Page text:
Dr Jacob Puliyel, a paediatrician in Delhi, wrote in the Indian Journal of Medical Ethics last year that "the polio eradication programme epitomises nearly everything that is wrong with donor-funded 'disease specific' vertical projects, at the cost of investments in community-oriented primary care".

Dr Puliyel said the money spent on fighting polio in India would have been put to better use on water, sanitation and routine immunisation.

Now or never

Dr Puliyel blames the polio vaccine for a sharp rise in India of cases of Acute Flaccid Paralysis - weakness or inability to move limbs.

But polio is just one of many causes, with other viruses and bacteria also responsible. Public health officials also point out that monitoring of cases is now far better than in previous decades.

In pure economic terms it is hard to justify the $1bn (£630m) spent annually on driving down polio cases by a few hundred each year.

It makes sense only if global eradication is achieved. Then the repeated - sometimes monthly - polio immunisation rounds in at-risk communities can stop and the vaccine be part of the standard childhood schedule.

This is a now or never moment - kick polio off the planet over the next few years or face a humiliating retreat which could see the virus re-emerge in scores of countries.

Bill Gates recognises what is at stake for global health: "Polio eradication is a proving ground, a test. It will reveal what human beings are capable of, and suggest how ambitious we can be about our future."

The 2013 Richard Dimbleby Lecture will be shown on Tuesday 29 January on BBC One at 22:35 GMT

 
Fergus Walsh Article written by Fergus Walsh Fergus Walsh Medical correspondent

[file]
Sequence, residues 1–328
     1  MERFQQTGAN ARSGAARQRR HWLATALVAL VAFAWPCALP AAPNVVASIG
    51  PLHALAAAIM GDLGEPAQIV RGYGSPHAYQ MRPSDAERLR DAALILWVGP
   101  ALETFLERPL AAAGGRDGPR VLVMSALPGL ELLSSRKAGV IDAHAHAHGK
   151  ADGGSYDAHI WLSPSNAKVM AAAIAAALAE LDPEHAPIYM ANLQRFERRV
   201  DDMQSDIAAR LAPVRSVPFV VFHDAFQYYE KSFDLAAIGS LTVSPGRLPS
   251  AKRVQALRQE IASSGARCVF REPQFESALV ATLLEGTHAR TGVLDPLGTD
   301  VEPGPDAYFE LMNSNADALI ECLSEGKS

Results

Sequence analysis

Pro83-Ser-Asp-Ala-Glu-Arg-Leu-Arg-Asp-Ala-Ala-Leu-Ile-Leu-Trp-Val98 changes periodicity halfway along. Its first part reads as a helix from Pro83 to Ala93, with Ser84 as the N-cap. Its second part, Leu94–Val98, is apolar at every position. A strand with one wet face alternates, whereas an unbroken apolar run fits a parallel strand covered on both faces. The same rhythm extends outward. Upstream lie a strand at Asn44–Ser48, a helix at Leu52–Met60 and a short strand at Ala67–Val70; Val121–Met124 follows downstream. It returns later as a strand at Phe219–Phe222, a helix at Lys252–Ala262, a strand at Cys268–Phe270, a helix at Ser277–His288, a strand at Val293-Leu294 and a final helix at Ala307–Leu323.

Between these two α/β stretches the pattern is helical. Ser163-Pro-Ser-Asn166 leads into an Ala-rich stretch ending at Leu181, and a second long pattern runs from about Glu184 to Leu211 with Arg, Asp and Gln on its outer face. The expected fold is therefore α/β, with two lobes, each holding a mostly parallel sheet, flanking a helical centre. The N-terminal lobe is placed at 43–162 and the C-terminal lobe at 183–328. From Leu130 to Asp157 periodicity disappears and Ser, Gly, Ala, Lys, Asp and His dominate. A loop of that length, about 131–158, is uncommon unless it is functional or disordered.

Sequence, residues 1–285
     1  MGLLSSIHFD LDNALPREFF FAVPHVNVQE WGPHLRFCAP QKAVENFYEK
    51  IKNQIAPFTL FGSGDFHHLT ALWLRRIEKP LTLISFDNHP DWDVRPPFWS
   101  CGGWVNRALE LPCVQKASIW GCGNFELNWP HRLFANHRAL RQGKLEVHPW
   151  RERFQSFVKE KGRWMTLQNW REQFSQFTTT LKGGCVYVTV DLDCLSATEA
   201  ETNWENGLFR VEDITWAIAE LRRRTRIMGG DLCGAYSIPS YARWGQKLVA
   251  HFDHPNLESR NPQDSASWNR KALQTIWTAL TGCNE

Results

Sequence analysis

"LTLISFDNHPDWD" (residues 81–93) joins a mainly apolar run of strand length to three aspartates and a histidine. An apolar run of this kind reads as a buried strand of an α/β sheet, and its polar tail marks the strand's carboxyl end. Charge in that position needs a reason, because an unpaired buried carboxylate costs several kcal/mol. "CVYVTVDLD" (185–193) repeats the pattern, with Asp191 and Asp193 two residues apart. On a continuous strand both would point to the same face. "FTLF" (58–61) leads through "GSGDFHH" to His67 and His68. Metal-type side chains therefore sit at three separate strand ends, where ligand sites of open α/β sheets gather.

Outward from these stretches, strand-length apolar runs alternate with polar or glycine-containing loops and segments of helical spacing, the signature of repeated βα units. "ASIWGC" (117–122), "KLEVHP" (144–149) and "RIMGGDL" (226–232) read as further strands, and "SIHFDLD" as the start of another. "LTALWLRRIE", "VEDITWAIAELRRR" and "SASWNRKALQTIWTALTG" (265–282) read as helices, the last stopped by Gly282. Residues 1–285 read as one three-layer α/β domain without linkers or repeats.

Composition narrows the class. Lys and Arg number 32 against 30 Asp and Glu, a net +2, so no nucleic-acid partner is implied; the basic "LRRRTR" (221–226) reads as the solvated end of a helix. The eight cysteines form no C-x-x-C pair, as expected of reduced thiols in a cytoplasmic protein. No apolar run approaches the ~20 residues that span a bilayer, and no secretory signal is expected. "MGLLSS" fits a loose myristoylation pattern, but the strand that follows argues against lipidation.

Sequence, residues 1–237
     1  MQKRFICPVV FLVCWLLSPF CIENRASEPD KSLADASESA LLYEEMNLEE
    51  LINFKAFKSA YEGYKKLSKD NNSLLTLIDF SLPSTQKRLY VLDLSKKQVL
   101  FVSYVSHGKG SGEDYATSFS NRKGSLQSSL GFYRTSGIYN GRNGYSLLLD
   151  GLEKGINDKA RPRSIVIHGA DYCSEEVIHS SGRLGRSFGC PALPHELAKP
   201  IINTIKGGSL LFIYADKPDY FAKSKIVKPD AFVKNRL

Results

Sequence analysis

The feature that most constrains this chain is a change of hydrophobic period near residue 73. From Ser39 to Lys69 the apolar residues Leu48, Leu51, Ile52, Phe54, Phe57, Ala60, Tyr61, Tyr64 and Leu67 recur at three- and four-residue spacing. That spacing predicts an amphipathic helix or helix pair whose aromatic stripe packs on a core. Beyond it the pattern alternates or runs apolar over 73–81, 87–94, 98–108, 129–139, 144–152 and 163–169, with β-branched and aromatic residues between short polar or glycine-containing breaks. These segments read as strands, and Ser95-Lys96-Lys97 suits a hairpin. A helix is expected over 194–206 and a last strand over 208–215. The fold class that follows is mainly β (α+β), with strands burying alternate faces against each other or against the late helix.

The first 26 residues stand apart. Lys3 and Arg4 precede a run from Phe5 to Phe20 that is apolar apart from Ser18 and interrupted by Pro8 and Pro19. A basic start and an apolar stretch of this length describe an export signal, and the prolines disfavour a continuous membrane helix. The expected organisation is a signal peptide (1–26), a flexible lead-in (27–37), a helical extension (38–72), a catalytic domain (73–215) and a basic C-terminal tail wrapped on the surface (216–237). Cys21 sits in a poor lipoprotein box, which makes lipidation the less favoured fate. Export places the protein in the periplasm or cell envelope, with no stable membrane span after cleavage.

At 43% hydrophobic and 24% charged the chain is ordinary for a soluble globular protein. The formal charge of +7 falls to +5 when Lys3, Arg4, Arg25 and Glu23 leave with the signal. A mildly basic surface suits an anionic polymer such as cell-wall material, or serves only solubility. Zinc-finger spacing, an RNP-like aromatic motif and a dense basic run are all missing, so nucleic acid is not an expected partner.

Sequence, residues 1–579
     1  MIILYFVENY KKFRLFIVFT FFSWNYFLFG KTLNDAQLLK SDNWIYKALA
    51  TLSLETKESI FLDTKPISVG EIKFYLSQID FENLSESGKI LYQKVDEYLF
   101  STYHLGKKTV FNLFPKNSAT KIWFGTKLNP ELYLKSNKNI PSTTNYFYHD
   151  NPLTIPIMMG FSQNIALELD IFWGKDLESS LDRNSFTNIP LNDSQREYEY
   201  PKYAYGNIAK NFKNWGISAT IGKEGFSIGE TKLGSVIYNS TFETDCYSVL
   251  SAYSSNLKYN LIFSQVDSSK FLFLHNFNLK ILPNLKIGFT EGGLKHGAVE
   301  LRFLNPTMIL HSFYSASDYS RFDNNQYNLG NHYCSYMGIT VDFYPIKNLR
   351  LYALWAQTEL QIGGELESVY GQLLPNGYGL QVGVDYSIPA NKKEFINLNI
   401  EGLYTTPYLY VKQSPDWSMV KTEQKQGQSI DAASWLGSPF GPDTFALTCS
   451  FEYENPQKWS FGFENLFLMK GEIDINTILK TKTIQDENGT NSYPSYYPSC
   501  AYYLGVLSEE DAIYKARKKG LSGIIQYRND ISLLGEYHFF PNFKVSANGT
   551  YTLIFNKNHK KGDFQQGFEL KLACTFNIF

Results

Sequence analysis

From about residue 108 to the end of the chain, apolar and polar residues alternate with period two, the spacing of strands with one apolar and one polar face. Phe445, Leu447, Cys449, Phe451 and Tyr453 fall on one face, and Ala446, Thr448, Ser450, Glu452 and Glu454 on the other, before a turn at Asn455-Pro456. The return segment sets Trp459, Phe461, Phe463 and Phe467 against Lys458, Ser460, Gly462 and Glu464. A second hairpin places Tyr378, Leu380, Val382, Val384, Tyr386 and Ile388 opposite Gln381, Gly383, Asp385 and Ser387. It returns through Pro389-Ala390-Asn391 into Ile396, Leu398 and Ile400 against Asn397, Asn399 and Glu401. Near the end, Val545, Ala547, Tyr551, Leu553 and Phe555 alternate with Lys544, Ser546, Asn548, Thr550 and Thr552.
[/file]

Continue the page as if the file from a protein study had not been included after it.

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  • rate this
    0

    Comment number 96.

    Further to tragedy

    Does need - in places - for 'repeated polio immunisation rounds', reflect very incomplete sweeps, or rapid population flux?

    Might risk of iatrogenic polio, or Acute Flaccid Paralysis, be dose-related, from poor-hygiene contacts, or inadvertent rapid repeats?

    Failing to deal globally, with poverty, we 'make' every task hard or impossible

    Trust is needed, in equal partnership

  • rate this
    0

    Comment number 95.

    It'll be a struggle, but amazing if it works. Personally, I hold significantly more hope out for guinea worm eradication, however. (Much less chance of large new outbreaks wiping out prior achievements).

  • rate this
    +2

    Comment number 94.

    93. chinkinthearmour

    Agree totally. I keep thinking some comments here have hit a new low, and then somebody comes along and descends even lower.

  • rate this
    +1

    Comment number 93.

    @80.indus

    BBC blogs often have offensive, bigoted or ludicrous troll comments, where polite responses or facts are summarily dismissed. Utter rubbish spouted by so many insular juveniles or geriatrics.

    Even as a non-Muslim, non-partisan westerner coming to terms with anti-Chinese or anti-Islam as Western norms, Indus describing children born in poverty as parasites deserve the highest accolade.

  • rate this
    0

    Comment number 92.

    Gates is surely involved in pretty much the same game as with computer softwear: making sure absolutely everyone has to have his products whether they are any good or not.

 

Comments 5 of 96